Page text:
Rural inventor's device for the deaf puts him in Africa's top 50

Low-cost gadget aimed at enhancing safety and connectedness

In a world short of inventors, a 33-year-old Cofimvaba man has invented a lifesaving device for deaf people – earning him a spot in the top 50 African innovators’ list.
Zuko Mandlakazi, a Walter Sisulu University accountancy alumnus, invented the Senso, a wrist-wearable device that picks up sounds and communicates them to the wearer through vibrations and colour-coded LED lights.
The wearer can link their top five specific everyday life sounds with LED colour lights.
For example, the sound made by an infant when waking up could be pink, a sound made by a safety evacuation alarm red, a door knock or intercom buzz green and any forced entry or intruder-like sound purple.
The device has three buttons: an on/off switch and two buttons that co-ordinate and pair LED lights with sounds that the wearer wants to be alerted to.
Mandlakazi said the device, which is meant to help deaf people be more present and alert to sounds, was inspired by his aunt, who has always been hard of hearing.
“She lip-reads to understand what people around her are saying. In the family, we’ve always had to talk extremely loud when talking to her.
“When my aunt started visiting me in Gauteng, I realised her condition wasn’t accommodated in the city, so I started concerning myself with her.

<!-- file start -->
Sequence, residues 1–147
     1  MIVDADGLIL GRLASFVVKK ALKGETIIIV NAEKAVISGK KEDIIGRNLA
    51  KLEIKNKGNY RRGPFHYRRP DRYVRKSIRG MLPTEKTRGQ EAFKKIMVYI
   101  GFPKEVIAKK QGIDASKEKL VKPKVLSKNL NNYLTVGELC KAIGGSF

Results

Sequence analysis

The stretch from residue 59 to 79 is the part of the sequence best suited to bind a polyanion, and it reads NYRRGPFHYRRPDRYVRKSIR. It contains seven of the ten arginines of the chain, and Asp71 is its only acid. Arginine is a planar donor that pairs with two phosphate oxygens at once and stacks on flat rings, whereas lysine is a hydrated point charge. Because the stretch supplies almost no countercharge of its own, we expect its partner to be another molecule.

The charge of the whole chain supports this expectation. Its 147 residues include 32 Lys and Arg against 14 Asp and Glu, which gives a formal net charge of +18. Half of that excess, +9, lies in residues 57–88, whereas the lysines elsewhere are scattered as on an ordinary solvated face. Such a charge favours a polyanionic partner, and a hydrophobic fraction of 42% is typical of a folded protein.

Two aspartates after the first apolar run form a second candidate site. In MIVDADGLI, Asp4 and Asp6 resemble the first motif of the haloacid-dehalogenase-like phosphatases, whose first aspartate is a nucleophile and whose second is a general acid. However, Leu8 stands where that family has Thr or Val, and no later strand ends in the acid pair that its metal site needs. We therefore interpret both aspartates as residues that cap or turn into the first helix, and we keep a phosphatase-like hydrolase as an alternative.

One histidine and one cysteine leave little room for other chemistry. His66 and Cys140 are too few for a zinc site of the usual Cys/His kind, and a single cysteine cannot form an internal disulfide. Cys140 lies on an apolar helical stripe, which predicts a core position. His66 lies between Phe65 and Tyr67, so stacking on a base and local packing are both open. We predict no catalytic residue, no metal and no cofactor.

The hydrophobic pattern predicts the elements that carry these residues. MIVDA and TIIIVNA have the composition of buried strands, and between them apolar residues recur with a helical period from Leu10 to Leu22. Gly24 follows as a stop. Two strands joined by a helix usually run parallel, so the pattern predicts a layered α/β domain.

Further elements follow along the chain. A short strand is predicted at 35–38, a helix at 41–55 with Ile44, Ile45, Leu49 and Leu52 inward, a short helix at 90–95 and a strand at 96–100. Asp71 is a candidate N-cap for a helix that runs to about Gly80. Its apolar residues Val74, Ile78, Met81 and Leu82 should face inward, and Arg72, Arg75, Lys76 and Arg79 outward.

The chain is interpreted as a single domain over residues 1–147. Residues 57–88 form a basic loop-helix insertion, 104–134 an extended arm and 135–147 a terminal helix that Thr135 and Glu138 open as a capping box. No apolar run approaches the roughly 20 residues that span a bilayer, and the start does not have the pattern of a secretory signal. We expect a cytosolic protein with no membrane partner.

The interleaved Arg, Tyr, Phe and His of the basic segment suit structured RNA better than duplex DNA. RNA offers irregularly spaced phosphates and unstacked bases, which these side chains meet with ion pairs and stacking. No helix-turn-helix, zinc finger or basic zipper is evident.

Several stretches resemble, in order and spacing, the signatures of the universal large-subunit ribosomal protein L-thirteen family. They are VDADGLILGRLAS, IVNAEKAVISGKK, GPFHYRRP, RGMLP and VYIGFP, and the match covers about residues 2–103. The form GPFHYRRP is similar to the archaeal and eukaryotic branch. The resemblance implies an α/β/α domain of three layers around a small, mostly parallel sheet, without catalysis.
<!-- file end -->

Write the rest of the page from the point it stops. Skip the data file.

“To solve her problem, I looked for devices she could use but all the devices that were available were too expensive and intrusive, meaning surgery where a speaker is inserted inside a person’s inner ear.
“I knew she could not afford that and she would certainly hate to have an object inserted inside her ear,” he said
.“I started thinking about millions of other people faced with the same challenge.”
Then in 2014, Mandlakazi started the journey to develop a cost-effective device that would make the lives of millions of deaf people easier and safer.
However, that journey proved not to be an easy one, due to lack of capital.
“The device we developed at the time for demonstrations was not enough to raise more funding.
“So, we used entrepreneurial competitions to raise funds,” said Mandlakazi.
The prototype device went on to win several prizes in entrepreneurial competitions including the Gauteng Accelerator Programme Innovation Competition and the South African Breweries Foundation Social Innovation Awards.
“Through cash prizes won in these competitions, we developed Senso’s very first proof of concept, which enabled us to raise the funding to develop the product,” he said.
The state finally come through last December when Mandlakazi received funding from the department of trade & industry to develop the device.
Mandlakazi said he was unable to disclose the amount of money invested in the device by several funders, as they were still fundraising.
In June this year Mandlakazi was invited to attend the African Innovators Summit in Kigali, Rwanda, where he was named among the top 50 innovators on the continent.
Mandlakazi aims to launch the product later this year, when it will become available at selected retailers. “It will cost no more that R2,500,” he said...

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